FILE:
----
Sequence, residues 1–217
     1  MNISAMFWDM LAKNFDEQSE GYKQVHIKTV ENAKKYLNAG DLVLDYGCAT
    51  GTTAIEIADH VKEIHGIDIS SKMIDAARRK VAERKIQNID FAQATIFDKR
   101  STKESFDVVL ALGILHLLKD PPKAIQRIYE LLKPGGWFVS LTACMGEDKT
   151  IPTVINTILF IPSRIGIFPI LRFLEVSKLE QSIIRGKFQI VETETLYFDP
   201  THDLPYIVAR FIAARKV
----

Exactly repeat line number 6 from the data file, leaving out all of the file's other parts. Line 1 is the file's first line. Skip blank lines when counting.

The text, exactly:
   201  THDLPYIVAR FIAARKV